Skip to content
October 5, 2010 / cdsmith

Using Heist and Happstack

In the course of playing around with some of the newer Haskell web application stuff recently, I found that I really like the combination of Happstack and Heist.  However, there are a few challenges in getting the two to play together well, so I thought I’d write up a description of how to do it.

Step 1: Getting the dependencies right

When creating your cabal file, you’ll generally need at least the following packages:

  • base (of course)
  • happstack-server, for the Happstack bits
  • heist, for the Heist bits
  • bytestring, since it’s used extensively with Heist
  • mtl, which is used in Happstack
  • monads-fd, which is used in Heist

Those last two make for a rather unhappy combination, and are the subject of the next step.

Step 2: Making mtl and monads-fd play nicely

This took some figuring out.  Basically, a good bit of Heist uses the MonadIO class from monads-fd.  At the same time, Happstack uses the MonadIO class from mtl.  Left to their own devices, this will lead to a lot of errors that ServerPartT IO is not an instance of MonadIO.  Of course it is… just not that MonadIO.

Here’s the code I eventually wrote to fix it.  You’ll need a number of GHC extensions to do this.

{-# LANGUAGE PackageImports       #-}
{-# LANGUAGE FlexibleInstances    #-}

import "mtl" Control.Monad.Trans

    Needed because Heist uses transformers rather than the old mtl package.
import qualified "monads-fd" Control.Monad.Trans as TRA
instance TRA.MonadIO (ServerPartT IO) where liftIO = liftIO

The language extension PackageImports allows us to import modules from a specific package.  In general, it’s a bad idea if you can avoid it as it can lead to fragile code… but since here we are facing the challenge of making two packages work together, there’s not another choice.  We use this extension to import both the mtl and monads-fd versions of the MonadIO type class.  The second language extension, FlexibleInstances, relaxes some of the Haskell98 rules regarding what kinds of instances are allowed.  It is needed for the instance declaration on the last line there, and it’s pretty harmless.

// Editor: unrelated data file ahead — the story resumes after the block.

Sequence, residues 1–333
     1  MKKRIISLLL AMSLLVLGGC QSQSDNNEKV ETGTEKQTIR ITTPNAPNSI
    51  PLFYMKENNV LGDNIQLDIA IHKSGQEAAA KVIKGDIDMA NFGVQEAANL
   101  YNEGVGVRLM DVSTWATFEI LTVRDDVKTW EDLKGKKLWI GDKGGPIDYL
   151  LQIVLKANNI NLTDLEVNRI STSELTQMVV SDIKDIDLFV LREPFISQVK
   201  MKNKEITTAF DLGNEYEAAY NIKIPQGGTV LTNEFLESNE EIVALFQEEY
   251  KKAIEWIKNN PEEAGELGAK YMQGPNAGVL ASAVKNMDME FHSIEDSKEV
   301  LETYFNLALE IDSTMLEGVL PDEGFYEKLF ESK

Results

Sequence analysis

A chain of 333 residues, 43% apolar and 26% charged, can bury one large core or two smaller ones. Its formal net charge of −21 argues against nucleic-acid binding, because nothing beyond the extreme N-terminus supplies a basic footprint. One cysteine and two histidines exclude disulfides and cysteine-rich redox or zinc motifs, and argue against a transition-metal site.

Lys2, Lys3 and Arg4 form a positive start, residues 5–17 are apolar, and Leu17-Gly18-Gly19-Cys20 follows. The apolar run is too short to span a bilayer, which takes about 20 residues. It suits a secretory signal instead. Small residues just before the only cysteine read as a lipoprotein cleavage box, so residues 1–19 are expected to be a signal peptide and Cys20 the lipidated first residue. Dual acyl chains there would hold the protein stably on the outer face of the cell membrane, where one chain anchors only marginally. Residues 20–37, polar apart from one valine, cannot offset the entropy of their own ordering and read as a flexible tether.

Once we’ve got both versions of MonadIO and its member, liftIO, imported properly, we simply write an instance declaration making ServerPartT IO an instance of the monads-fd version of MonadIO (copying the actual behavior straight from the mtl version).  Voila, problem solved.

Step 3: Porting the glue code

If you’ve worked through the Snap tutorial, you know that you can start a new Snap project by typing ‘snap init’ at the command line, and the command writes a bit of code for you.   That code includes a module called “Glue” that’s largely about making Snap and Heist work together.  Well, we’ll need the same code for Happstack, and have no automated command to write it for us.  Not to worry, though, it’s a piece of cake to port it over, and you can tweak it as you go.

Here’s the very simple application I ended up with that uses Heist in Happstack.  This is the full source code; it assumes that underneath the current working directory when the application is run, there’s a directory called “web” containing your templates, and a subdirectory of that called “web/static” containing your static files.

{-# LANGUAGE OverloadedStrings    #-}
{-# LANGUAGE PackageImports       #-}
{-# LANGUAGE FlexibleInstances    #-}

module Main where

import Control.Monad (msum, mzero)
import Happstack.Server
import Happstack.Server.HTTP.FileServe
import Text.Templating.Heist
import Text.Templating.Heist.TemplateDirectory

import Data.ByteString.Char8 (ByteString)